Daily News Summary
An electronic digest of media coverage of interest to members of The Florida Bar compiled each workday by the Public Information and Bar Services Department. Electronic links are only active in today's edition. For information on previous articles, please contact the publishing newspaper directly.
April 9, 2013
ATTORNEYS WANT TO KNOW ABOUT ACCESS AND E-FILING: SIDEBAR LUNCH BRINGS ATTORNEYS AND JUDGES TOGETHER -- Jacksonville Daily Record, http://www.jaxdailyrecord.com, April 9, 2013.
The Jacksonville Bar Association held a Sidebar Lunch on Wednesday [April 3] at the Duval County Courthouse. Among the issues discussed were access to judges' offices and pending e-filing requirements for criminal cases. It hosted about 50 attendees and judges from the Circuit Court Criminal Division. The event included a panel discussion with Judges Charles Arnold, Suzanne Bass, Mallory Cooper, Mark Hulsey, Tatiana Salvador, Adrian Soud and William Wilkes. The panel discussed the approaching Oct. 1 deadline for e-filing of documents in criminal cases. It also benefited from attendee 1st District Court of Appeal Judge Scott Makar, who discussed his experiences with e-filing.
LAW DAY 2013: "REALIZING THE DREAM: EQUALITY FOR ALL" -- Jacksonville Daily Record, Column, http://www.jaxdailyrecord.com, April 9, 2013.
Column by Jacksonville Bar Association Board of Governors member Geddes Anderson. He writes that the Jacksonville Bar Association "has established its Law Day, in part, to help people in the Jacksonville community understand how law keeps us free and how our legal system strives to achieve justice," and "Law Day also is a time to celebrate the legal profession in Jacksonville and honor those who have made significant contributions to the legal community and the Jacksonville community at-large."
SALVADOR IS LATEST ADDITION TO CIRCUIT COURT BENCH -- Jacksonville Daily Record, Column, http://www.jaxdailyrecord.com, April 9, 2013.
Circuit Court Judge Tatiana Salvador was ceremoniously sworn in Thursday [April 4] at the Duval County Courthouse. Salvador was appointed to the Circuit bench by Gov. Rick Scott to replace retiring Judge McCarthy "Mack" Crenshaw and has served in the criminal division for three months. Fourth Circuit Chief Judge Donald Moran presided over the session, where numerous people spoke of Salvador's accomplishments.
BILL BANNING SHARIAH LAW IN FLORIDA FAMILY CASES PASSES SENATE PANEL -- Palm Beach Post, http://www.palmbeachpost.com, April 9, 2013. [Also: BILL AGAINST FOREIGN LAWS IN COURT CLEARS PANEL -- Miami Herald, http://www.miamiherald.com, April 9, 2013.]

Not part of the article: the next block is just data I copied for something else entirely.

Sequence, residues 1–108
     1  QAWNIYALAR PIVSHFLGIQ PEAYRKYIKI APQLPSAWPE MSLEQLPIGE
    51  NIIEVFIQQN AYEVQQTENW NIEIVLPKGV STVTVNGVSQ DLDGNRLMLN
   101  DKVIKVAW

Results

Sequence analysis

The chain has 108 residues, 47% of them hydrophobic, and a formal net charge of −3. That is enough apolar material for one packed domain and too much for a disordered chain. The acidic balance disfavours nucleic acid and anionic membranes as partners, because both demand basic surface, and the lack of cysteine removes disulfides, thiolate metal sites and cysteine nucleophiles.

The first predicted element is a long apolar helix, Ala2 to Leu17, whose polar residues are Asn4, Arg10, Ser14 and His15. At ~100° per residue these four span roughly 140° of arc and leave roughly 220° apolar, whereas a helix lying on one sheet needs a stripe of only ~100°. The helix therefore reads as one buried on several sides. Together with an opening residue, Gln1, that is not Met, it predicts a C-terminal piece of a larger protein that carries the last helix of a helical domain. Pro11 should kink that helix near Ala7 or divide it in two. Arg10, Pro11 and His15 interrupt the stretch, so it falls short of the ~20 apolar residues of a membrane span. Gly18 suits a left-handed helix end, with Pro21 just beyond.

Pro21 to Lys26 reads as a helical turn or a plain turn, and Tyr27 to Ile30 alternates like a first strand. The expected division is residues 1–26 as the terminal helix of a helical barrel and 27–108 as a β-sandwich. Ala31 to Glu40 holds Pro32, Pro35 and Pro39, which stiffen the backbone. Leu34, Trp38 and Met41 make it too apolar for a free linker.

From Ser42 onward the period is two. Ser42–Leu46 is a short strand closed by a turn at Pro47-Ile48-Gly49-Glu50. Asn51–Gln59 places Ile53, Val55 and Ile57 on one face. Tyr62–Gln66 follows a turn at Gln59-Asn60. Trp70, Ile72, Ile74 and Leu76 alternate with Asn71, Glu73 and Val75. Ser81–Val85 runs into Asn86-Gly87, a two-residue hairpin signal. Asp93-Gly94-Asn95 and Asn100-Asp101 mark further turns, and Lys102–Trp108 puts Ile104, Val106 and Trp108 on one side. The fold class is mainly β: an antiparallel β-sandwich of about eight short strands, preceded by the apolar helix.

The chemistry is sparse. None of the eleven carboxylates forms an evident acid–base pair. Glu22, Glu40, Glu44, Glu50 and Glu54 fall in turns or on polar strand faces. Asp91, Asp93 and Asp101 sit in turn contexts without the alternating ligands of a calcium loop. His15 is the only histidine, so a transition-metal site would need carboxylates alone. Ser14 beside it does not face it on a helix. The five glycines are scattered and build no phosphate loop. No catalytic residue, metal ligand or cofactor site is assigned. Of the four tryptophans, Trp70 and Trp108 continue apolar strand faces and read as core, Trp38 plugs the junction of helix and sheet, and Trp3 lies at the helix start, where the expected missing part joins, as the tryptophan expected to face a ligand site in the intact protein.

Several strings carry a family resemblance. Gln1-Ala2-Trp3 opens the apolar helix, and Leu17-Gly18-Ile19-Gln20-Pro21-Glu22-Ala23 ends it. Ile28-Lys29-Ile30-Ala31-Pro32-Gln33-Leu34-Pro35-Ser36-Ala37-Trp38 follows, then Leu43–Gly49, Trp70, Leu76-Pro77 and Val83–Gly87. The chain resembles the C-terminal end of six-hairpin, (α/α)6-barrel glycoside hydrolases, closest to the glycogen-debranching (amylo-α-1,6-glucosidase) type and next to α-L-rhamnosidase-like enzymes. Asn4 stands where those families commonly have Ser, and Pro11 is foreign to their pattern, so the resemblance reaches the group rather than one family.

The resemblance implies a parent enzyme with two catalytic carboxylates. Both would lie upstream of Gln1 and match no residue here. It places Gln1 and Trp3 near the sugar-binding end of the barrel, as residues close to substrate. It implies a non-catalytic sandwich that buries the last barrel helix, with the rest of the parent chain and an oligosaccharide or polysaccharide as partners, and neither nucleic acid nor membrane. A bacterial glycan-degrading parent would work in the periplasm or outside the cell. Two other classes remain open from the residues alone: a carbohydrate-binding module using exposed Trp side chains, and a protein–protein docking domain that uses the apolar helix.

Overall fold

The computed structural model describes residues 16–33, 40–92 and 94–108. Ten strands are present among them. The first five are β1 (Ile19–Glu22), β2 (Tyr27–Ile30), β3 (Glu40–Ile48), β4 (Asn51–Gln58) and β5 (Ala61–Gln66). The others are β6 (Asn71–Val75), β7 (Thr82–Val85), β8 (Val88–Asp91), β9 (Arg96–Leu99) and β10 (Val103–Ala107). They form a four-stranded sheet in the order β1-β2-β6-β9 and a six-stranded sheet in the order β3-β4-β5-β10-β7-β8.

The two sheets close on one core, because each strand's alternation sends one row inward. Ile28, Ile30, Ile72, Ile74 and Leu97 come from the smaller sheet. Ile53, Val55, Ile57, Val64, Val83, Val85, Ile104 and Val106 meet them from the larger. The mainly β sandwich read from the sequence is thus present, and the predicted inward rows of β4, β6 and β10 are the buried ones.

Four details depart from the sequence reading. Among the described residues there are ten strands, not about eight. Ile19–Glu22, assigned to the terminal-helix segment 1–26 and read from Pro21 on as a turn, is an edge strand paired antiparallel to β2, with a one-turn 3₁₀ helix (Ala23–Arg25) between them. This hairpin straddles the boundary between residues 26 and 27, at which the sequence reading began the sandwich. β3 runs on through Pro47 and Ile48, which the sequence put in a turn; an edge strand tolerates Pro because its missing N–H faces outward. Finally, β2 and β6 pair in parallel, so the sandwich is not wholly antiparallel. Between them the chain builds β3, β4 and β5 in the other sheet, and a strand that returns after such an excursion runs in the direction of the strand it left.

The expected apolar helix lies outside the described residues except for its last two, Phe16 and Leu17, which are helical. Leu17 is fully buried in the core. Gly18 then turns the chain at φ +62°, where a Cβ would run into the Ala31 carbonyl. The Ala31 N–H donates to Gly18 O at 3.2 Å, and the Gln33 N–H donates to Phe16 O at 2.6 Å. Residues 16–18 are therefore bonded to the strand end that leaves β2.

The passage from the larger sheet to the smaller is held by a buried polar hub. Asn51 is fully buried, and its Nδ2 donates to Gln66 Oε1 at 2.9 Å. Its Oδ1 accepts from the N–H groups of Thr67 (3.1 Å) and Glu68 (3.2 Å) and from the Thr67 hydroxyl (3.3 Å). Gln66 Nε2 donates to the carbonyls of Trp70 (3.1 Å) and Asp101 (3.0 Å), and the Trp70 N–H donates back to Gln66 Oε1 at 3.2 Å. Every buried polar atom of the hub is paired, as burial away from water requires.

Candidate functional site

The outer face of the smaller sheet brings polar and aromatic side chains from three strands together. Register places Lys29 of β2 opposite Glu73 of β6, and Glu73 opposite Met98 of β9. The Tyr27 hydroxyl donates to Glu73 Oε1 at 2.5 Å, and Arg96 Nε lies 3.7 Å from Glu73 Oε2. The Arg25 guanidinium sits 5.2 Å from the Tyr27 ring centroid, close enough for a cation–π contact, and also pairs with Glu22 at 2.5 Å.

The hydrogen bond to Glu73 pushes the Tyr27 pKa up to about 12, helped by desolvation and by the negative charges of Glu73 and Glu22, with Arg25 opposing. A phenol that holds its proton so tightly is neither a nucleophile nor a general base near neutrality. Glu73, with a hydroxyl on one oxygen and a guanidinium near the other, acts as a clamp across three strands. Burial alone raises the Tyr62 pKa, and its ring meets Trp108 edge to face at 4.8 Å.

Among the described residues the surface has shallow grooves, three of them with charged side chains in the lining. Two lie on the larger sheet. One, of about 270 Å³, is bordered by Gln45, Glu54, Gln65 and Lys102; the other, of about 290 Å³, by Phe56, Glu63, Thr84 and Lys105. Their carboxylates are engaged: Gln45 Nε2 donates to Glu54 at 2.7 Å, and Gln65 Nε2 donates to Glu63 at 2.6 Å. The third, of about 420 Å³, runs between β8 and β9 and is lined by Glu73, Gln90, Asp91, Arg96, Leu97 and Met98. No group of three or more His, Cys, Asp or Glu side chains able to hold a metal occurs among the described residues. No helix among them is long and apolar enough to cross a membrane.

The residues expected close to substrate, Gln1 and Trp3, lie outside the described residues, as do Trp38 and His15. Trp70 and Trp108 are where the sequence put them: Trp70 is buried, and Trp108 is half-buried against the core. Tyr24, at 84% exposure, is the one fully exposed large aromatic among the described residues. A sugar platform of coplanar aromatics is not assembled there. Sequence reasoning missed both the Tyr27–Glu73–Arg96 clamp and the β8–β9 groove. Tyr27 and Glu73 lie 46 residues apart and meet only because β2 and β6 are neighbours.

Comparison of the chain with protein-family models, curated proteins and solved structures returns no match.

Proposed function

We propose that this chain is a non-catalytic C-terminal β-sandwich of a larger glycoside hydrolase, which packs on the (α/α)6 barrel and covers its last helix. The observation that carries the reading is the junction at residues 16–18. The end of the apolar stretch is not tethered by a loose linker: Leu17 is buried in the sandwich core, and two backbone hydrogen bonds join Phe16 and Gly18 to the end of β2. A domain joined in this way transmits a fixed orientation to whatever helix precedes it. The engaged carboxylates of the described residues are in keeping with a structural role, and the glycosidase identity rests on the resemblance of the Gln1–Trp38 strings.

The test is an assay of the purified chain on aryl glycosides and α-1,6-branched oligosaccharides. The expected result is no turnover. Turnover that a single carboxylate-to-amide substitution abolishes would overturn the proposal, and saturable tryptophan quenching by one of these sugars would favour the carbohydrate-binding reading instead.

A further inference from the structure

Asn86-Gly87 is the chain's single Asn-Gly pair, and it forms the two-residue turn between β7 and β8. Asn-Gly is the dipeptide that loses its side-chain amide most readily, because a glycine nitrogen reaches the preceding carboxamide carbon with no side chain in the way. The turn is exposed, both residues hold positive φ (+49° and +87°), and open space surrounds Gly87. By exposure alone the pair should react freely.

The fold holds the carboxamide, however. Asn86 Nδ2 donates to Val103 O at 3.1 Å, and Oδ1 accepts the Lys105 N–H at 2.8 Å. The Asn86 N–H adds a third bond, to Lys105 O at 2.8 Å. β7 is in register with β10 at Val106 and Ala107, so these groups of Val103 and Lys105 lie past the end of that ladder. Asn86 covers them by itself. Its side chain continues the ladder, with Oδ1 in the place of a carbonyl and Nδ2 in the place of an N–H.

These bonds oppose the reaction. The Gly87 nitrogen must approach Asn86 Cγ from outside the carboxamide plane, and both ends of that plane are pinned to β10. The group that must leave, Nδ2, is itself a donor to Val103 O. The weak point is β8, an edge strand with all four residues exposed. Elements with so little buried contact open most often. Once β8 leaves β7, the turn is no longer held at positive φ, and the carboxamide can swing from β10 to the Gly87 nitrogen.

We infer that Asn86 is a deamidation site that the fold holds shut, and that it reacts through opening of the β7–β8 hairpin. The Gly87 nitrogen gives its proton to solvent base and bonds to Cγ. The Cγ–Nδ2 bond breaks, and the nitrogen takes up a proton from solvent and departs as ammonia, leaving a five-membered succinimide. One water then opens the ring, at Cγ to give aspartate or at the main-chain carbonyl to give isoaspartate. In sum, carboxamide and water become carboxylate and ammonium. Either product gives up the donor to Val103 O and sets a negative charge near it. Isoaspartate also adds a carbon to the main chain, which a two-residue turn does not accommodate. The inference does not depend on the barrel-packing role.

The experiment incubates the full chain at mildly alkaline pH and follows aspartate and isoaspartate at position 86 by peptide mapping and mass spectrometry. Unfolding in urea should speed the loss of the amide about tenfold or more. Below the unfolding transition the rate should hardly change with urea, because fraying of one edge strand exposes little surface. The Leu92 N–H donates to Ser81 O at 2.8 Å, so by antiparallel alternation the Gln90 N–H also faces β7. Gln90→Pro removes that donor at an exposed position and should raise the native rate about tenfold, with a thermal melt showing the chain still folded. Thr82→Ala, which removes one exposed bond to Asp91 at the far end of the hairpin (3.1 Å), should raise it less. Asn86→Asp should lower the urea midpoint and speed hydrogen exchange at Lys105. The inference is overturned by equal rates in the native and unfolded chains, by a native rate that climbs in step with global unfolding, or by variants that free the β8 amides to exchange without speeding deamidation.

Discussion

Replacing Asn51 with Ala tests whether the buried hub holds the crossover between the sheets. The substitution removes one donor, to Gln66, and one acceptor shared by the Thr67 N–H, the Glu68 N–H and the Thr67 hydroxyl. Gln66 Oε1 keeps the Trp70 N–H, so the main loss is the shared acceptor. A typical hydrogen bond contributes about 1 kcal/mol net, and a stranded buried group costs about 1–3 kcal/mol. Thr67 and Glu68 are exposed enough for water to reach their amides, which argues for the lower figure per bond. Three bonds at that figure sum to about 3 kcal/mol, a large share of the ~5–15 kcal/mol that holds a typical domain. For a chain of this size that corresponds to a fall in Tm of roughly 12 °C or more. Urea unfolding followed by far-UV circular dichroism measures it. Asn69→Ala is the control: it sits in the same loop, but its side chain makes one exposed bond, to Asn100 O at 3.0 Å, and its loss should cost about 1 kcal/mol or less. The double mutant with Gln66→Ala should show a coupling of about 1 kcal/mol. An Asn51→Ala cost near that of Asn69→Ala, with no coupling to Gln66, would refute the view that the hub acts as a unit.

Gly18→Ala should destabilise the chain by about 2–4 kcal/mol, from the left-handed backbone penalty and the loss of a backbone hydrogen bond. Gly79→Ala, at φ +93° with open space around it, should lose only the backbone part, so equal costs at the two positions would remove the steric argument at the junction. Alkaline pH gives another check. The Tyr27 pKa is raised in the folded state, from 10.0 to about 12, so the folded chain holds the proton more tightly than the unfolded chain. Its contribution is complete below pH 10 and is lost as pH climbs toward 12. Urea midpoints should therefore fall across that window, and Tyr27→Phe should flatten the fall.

Florida lawmakers are poised to pass a controversial law banning courts from using foreign law, after a split Senate committee signed off on the measure. The bill (SB 58) would ban courts or other administrative authorities form using religious or foreign law in deciding matters related to family law, including divorce and child custody. Critics, including The Florida Bar, the Anti-Defamation League, the ACLU of Florida and the National Council of Jewish Women, contend the bill would have a negative impact on Jewish divorces, called “gets,” and could trouble the state’s relationship with Israel.
VIRTUAL CAMPAIGN TO VETO ALIMONY BILL UNDERWAY -- South Florida-Business Journal, (requires subscription), http://www.bizjournals.com, April 9, 2013.
The Family Law Section of The Florida Bar emailed its members asking them to sign a petition posted on Change.org asking Gov. Rick Scott to veto a bill that would ban permanent alimony and restrict alimony amounts based on duration of marriage. Family Law Section Chair Carin Marie Porras, a Fort Lauderdale attorney, said the email was sent out to about 3,900 members of the Family Law Section of the Bar. The petition was posted shortly after the Senate passed the bill (SB-718).
JUVENILE SENTENCING BILL PASSES BY SENATE CRIMINAL JUSTICE COMMITTEE -- Lakeland Ledger, http://www.theledger.com, April 9, 2013.
Under a bill approved by a Senate committee on Monday [April 8], juveniles could be sentenced to a maximum of 50 years in prison for non-murder crimes and a minimum of 50 years for murder. The bill is a response to U.S. Supreme Court decisions limiting life sentences for juveniles. Defense lawyers and juvenile advocates called the limits "harsh," particularly the minimum-mandatory 50-year sentence for murder. The bill was supported by the state's prosecutors and by the Florida Sheriffs Association. Florida has more than 300 juvenile prisoners who could be impacted by those rulings.